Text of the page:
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Title: Cold atom production via the photo dissociation of small molecules
Author: Doherty, William Gerard
ISNI:       0000 0004 2738 4649
Awarding Body: University of Oxford
Current Institution: University of Oxford
Date of Award: 2012
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This thesis describes the development of a relatively novel technique for the gen- eration and subsequent trapping of cold species. Molecules in a pulsed supersonic expansion are photolysed, such that the centre-of-mass velocity vector of one of the fragments is equal in magnitude but opposed in orientation to the lab-frame velocity of the precursor molecule. This technique, known as ‘Photostop’, leaves a fraction of the fragments with a narrow velocity distribution, centered around zero velocity in the lab-frame. They can be shown to have zero velocity by changing the time between photodissociation and ionisation; fragments with a high kinetic energy will leave the ionisation volume prior to interrogation. The underlying velocity distribu- tion is uncovered by using the velocity-map imaging technique, and the temperature of the fragments can be determined. The method was originally optimised for the molecular case. Cold NO has been produced from the dissociation of NO₂ molecules, and a single rotational state has been shown to remain in the ionisation volume 10 μs after dissociation, implying a sample temperature of 1.17 K. Using the optimised experimental conditions de- rived from the velocity cancellation of NO, the atomic case is demonstrated for the dissociation of Br₂ to give zero-velocity Br fragments. The Br atoms are seen for delay times in excess of 100 μs, showing the greater applicability of the method to the atomic case. The temperature of the residual atoms is shown to be in the milliKelvin regime, as determined through detailed Monte Carlo simulation of the motion of the stopped atoms. The possibility of trapping the ultracold Br atoms in a magnetic field is explored, and a quadrupolar trap created between two per- manent bar magnets is demonstrated to confine the atoms spatially, within the ion extraction optics, for delays in excess of 1 ms. The Photostop technique is intended to be a stepping stone on the way to widening the number of chemical species available for study in the ultracold regime. The possibility of improvements to the experiment is considered, in order to increase the efficiency of the experiment such that the number density becomes high enough to be viable as a source of atoms for use in cold chemical reactive studies. The possibility of extending the method so as to be used as a tunable velocity source of atoms is also discussed.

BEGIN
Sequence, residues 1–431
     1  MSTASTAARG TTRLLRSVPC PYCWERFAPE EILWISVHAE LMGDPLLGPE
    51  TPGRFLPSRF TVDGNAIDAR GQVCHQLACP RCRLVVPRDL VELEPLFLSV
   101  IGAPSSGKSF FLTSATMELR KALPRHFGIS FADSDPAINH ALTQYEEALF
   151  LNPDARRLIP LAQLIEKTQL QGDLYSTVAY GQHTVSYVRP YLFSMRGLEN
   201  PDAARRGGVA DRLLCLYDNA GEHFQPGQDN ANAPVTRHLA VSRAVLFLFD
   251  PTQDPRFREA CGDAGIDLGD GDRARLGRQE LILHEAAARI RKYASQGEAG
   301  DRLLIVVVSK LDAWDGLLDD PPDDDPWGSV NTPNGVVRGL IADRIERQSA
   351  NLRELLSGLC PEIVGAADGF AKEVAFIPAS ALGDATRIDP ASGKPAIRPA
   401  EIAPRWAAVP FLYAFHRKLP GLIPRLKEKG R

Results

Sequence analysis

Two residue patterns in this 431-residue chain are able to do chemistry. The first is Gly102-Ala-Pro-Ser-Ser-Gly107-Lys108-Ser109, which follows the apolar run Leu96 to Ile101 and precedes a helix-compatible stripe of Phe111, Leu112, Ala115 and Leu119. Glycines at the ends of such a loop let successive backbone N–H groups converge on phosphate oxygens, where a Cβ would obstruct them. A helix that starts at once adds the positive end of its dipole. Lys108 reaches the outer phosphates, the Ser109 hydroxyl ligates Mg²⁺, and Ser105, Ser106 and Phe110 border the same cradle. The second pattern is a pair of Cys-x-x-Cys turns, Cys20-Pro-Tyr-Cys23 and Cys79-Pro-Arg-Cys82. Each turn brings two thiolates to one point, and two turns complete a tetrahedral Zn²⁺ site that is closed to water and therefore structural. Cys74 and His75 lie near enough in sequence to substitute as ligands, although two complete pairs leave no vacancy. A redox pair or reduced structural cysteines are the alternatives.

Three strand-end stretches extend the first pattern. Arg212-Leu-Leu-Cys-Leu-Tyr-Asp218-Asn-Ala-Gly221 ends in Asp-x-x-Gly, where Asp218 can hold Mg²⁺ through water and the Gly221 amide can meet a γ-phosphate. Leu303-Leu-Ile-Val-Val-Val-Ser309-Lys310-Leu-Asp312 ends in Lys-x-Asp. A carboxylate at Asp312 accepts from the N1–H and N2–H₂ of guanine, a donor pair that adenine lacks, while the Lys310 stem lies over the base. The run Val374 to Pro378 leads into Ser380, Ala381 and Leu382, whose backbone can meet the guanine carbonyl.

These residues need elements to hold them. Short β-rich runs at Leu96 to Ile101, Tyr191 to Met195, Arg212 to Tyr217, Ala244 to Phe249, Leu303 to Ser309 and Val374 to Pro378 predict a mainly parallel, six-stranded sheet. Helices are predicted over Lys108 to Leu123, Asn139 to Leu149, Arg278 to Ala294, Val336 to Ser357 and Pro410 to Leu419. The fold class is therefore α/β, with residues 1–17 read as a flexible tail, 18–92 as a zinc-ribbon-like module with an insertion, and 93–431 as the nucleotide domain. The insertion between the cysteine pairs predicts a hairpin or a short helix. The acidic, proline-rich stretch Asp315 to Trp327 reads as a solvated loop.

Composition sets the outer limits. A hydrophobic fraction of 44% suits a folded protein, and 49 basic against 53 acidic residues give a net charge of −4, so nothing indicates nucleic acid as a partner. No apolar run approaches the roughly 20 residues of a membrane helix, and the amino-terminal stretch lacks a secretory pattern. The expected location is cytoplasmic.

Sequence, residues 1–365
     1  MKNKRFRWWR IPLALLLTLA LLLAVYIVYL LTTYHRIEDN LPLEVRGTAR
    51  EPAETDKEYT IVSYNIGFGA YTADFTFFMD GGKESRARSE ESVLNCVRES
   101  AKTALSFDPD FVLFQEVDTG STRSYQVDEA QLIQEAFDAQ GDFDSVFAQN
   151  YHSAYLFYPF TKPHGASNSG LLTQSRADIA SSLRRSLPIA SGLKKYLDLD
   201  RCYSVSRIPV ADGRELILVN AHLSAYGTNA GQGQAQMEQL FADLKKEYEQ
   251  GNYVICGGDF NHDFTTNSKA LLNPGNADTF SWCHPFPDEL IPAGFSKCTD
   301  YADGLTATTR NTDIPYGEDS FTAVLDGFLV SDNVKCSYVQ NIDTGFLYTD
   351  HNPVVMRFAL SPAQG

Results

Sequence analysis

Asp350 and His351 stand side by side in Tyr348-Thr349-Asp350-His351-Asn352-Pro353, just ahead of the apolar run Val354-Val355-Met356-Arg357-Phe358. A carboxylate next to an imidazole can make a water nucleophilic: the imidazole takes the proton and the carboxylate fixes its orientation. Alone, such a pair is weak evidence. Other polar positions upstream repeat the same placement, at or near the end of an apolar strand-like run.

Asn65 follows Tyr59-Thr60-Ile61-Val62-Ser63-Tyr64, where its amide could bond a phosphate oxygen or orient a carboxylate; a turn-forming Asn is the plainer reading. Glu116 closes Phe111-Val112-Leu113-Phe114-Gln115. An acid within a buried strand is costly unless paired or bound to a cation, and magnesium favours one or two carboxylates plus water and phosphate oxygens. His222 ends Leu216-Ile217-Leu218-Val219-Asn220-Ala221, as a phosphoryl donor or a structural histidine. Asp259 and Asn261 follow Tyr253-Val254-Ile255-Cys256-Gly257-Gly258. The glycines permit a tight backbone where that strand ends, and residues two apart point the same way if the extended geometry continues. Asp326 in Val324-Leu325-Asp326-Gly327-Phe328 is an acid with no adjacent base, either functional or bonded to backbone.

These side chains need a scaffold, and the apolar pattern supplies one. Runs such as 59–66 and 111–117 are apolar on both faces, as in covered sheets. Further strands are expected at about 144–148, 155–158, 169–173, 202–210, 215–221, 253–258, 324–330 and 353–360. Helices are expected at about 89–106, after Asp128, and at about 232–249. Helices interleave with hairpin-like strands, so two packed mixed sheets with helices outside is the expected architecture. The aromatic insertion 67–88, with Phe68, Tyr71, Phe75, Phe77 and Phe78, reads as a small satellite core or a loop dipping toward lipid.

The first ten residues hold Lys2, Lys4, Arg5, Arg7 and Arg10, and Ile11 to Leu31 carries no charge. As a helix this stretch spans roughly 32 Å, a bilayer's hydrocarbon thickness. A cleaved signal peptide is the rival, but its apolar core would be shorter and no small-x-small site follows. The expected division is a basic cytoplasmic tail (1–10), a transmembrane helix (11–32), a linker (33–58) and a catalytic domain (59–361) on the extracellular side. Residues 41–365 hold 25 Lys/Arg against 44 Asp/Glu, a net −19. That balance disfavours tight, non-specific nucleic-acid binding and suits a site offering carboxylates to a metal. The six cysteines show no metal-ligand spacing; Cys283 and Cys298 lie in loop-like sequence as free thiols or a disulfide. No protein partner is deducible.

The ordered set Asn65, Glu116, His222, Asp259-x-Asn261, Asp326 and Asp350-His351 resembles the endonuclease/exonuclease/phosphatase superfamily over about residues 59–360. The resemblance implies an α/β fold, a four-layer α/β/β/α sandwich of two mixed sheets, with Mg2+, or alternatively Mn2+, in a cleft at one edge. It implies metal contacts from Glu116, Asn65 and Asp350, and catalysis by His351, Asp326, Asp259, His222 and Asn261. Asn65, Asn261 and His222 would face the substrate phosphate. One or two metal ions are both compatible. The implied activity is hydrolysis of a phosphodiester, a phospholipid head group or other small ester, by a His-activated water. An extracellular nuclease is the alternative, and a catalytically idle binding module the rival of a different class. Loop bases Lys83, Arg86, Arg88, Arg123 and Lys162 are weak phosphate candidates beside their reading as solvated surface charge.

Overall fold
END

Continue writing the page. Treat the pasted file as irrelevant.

Supervisor: Softley, Timothy P. Sponsor: Engineering and Physical Sciences Research Council
Qualification Name: Thesis (Ph.D.) Qualification Level: Doctoral
EThOS ID:  DOI: Not available
Keywords: Chemistry & allied sciences ; Physical & theoretical chemistry ; Photochemistry and reaction dynamics ; Atomic and laser physics ; photodissociation ; bromine ; atoms ; cold ; ultracold ; lasers